Japanese researchers have created a portable device that measures acetone in breath, thus detecting in real time whether the body is burning fat.
Developed by a group of researchers from NTT DOCOMO Research Laboratories, the device consists of a pressure sensor to detect the exhaled breath and two types of semiconductor-based gas sensors to detect acetone.
The user simply blows into the device, which calculates the acetone concentration and sends the result to a smartphone, either via Bluetooth or a cable, within 10 seconds.
Ten centimetres long and weighing just 125 grams, the gadget is designed to fit into a pocket. Its sensors are capable of detecting acetone concentrations in the range of 0.2 to 50 parts-per-million.
Researchers have performed a two-week trial with 17 adult volunteers, all of them slightly heavier than the average Japanese population.
The volunteers were split into three groups: the first carried on with their normal life without any restrictions; the second was required to perform light exercise for 30 to 60 minutes each day; the third, apart from having to exercise, was subject to a diet limiting their daily caloric consumption.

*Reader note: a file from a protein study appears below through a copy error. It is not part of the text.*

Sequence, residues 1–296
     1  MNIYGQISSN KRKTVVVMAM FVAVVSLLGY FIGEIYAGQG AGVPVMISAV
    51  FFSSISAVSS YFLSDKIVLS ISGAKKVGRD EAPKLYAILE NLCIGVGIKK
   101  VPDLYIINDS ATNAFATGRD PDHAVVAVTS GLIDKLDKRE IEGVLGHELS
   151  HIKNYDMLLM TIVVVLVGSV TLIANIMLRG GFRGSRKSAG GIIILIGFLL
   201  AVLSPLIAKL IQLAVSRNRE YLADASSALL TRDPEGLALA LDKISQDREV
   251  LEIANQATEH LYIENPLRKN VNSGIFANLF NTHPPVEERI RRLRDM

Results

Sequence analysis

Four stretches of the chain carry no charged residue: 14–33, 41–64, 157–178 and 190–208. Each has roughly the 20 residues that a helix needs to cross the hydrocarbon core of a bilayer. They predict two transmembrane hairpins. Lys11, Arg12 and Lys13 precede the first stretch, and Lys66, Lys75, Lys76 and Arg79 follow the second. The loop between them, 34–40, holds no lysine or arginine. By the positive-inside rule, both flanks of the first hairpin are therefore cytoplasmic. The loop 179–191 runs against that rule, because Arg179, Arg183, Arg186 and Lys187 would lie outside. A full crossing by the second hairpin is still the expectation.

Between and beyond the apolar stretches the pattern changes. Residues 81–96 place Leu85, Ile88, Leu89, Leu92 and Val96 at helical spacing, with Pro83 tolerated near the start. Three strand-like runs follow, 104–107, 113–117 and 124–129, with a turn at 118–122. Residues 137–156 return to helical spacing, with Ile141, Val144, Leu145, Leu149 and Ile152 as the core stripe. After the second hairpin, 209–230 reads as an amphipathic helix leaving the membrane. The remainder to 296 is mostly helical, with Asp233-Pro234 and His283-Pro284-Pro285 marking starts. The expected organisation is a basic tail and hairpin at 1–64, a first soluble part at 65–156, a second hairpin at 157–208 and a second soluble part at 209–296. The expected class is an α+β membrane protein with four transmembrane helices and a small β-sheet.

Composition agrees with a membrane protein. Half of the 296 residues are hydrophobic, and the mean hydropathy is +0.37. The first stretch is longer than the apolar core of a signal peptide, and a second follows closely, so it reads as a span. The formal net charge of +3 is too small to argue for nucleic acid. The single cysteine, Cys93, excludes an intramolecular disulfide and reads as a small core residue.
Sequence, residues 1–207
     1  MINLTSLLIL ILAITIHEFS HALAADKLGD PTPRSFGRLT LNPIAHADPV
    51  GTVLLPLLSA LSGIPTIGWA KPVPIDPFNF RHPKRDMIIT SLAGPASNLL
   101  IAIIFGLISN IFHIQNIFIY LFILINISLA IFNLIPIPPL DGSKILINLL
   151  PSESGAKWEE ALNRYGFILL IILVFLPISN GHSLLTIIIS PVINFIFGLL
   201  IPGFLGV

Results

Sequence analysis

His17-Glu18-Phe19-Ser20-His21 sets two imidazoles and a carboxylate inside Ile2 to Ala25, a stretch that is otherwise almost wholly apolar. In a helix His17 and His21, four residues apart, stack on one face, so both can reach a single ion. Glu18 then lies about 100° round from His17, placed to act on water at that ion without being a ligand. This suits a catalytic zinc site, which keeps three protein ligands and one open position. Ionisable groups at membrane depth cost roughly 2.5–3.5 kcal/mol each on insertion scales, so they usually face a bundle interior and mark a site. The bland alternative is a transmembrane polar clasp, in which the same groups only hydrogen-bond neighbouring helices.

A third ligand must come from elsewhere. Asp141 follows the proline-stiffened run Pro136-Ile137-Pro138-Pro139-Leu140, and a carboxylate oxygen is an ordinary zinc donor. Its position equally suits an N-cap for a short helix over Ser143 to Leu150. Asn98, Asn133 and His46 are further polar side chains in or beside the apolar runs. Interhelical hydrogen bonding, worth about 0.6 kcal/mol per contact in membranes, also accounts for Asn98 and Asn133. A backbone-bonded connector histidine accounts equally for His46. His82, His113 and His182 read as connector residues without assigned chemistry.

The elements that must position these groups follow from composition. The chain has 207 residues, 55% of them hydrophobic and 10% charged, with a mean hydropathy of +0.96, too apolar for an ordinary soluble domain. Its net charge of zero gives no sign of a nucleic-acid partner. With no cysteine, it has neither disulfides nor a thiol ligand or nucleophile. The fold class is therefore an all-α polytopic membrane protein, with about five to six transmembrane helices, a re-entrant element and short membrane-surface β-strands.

During the two-week experiment, the researchers measured acetone levels in the breath of the volunteers using the device on daily basis, and monitored weight fluctuations.
Whereas the first two groups were neither producing any acetone, nor losing significant amount of weight, the third group was observed slimming down considerably and displayed increased levels of acetone in their breath.
"Because obesity increases the risk of lifestyle-related illnesses, enabling users to monitor the state of fat burning could play a pivotal role in daily diet management,” said the principal investigator, Satoshi Hiyama. “Current standard methods, however, are still not practically suitable for point-of-care instrumentation for diet-conscious people who wish to monitor their own fat metabolism at home or outside."
The researchers believe the device could also serve to conveniently monitor the health status of patients with diabetes.